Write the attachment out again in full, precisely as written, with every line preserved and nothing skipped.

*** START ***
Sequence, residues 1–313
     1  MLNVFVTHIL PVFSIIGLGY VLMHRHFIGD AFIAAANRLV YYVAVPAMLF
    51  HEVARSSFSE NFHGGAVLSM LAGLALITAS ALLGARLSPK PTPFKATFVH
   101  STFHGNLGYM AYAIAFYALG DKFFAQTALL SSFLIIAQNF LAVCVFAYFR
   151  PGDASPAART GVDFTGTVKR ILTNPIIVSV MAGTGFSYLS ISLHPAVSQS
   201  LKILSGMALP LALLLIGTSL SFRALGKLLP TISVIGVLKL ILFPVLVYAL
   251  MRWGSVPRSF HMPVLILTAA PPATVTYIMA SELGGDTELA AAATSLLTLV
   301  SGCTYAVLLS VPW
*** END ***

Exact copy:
Sequence, residues 1–313
     1  MLNVFVTHIL PVFSIIGLGY VLMHRHFIGD AFIAAANRLV YYVAVPAMLF
    51  HEVARSSFSE NFHGGAVLSM LAGLALITAS ALLGARLSPK PTPFKATFVH
   101  STFHGNLGYM AYAIAFYALG DKFFAQTALL SSFLIIAQNF LAVCVFAYFR
   151  PGDASPAART GVDFTGTVKR ILTNPIIVSV MAGTGFSYLS ISLHPAVSQS
   201  LKILSGMALP LALLLIGTSL SFRALGKLLP TISVIGVLKL ILFPVLVYAL
   251  MRWGSVPRSF HMPVLILTAA PPATVTYIMA SELGGDTELA AAATSLLTLV
   301  SGCTYAVLLS VPW